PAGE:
This action through non-action has to be quite simple … and flexible. Intelligence and education are required to bring you to the “edge,” leaving you open for insight. This is a point were your mind, and its purpose, are empty. This is were I solve problems.

A Farrier’s Perspective: What It Means To Be ‘Somebody’

Steve Teichman of  Chester County Farrier Associates is one of the most respected farriers in the nation, with more than 40 years of hands-on horseshoeing experience in all facets of the farrier business and over 25 years of working with the US Equestrian Team. He is a true artist when it comes to shoeing horses and equine soundness. Thank you to Steve for writing!

Steve Teichman in Rio at the 2016 Olympic Games.

Steve Teichman in Rio at the 2016 Olympic Games. Photo courtesy of Steve Teichman.

In this industry, whether as farriers or professional horseman, we seem to struggle with identity. What is it with our identity? This drive to be so important.

What is it to be “somebody” or for that matter a “nobody” in this business? I have spent 45 years as a practicing farrier largely shoeing three-day event horses. I have been fortunate to have participated in five Olympic Games, as well as several World Equestrian Games and Pan American Games, and seen and traveled the world.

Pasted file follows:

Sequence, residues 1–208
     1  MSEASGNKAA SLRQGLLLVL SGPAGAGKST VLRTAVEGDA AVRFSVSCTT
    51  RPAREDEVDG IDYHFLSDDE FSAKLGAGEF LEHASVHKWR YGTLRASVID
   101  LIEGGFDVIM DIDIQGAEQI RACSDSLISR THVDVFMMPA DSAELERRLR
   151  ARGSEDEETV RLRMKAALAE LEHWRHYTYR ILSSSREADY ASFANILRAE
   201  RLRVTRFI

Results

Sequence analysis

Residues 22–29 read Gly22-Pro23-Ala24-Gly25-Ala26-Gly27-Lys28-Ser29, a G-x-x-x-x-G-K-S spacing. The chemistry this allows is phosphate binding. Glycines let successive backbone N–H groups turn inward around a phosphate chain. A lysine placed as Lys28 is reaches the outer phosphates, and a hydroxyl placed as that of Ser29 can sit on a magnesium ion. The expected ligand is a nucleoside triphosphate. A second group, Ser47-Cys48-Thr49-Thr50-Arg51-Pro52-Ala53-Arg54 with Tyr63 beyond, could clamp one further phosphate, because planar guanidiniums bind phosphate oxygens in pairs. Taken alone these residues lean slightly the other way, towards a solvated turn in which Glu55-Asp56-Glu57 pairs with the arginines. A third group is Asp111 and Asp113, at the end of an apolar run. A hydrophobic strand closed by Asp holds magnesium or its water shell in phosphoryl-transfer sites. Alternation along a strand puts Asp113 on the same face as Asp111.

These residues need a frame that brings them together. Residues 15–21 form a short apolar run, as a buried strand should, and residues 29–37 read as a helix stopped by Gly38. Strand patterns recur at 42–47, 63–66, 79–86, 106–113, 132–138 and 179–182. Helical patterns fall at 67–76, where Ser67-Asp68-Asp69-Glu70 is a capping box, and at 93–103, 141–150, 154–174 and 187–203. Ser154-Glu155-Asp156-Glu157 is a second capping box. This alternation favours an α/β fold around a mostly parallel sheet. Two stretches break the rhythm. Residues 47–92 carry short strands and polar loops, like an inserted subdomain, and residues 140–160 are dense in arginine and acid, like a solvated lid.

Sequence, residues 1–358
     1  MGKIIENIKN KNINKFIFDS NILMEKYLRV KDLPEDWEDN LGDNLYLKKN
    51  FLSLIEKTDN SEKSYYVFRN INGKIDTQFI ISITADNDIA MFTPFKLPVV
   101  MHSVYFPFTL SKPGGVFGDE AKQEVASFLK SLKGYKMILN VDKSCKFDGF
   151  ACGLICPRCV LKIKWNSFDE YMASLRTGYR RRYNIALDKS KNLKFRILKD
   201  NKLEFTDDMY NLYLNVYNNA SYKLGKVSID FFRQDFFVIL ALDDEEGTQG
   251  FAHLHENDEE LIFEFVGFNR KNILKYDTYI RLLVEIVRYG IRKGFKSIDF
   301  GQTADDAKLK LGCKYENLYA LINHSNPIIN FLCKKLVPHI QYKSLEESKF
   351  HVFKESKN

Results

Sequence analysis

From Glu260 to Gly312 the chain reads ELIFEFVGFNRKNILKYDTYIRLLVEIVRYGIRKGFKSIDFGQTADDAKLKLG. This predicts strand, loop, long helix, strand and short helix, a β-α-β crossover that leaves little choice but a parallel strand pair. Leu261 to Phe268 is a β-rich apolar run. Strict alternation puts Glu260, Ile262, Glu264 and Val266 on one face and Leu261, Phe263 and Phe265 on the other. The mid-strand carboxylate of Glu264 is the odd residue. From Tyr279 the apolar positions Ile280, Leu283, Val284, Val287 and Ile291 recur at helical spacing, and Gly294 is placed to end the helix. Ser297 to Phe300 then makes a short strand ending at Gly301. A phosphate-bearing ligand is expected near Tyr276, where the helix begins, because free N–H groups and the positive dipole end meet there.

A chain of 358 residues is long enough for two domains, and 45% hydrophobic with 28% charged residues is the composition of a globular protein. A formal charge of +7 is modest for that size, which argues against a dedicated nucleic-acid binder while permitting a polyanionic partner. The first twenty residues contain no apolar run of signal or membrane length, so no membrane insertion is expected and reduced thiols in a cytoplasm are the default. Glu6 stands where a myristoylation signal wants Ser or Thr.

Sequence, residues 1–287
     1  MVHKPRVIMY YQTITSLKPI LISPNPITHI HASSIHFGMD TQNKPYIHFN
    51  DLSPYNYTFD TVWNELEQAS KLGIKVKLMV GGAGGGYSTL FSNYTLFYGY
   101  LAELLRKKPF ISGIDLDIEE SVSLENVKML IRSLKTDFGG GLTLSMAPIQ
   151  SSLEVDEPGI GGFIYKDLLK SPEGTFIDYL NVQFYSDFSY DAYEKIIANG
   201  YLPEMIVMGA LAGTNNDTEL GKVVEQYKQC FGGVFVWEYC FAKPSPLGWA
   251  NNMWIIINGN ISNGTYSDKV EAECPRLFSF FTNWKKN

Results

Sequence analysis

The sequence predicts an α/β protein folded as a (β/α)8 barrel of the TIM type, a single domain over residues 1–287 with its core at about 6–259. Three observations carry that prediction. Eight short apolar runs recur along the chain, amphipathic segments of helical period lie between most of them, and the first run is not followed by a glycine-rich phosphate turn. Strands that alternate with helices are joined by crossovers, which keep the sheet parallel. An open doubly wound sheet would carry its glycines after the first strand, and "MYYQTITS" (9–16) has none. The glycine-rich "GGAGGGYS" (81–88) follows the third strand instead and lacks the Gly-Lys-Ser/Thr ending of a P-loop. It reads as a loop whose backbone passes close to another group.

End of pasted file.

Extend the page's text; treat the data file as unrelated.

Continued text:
I have become a “somebody” of sorts in the small circle of my associates and clients. I have also felt a little “sting” of what it is like to be the “nobody” too. Go out to dinner with a group of Olympic athletes and suddenly you can fade into the background. Life works best someplace in between.

Being famous or important one develops an enlarged sense of self, passion for his career, and huge recognition by his followers … does that makes you a “somebody”? Does it? Is this truly what we are after, or are they just symptoms of some slightly distorted view point?

We live a bit upside down in this industry … a too complex and busy outer life up at 5 a.m. (like me now!) and an ignored inner life. There is more to this drive in each of us. How about the powerful drive for meaning, and belonging, being helpful, kind, or courteous? All of these can and should be present in this sport.

We are so fortunate to work with such amazing animals and the equally dedicated people this sport brings together. This is being “somebody.” It’s not famous, but it’s what I think our souls seek.

Whether we know it or not, this is why we ALL go to the barns in the morning.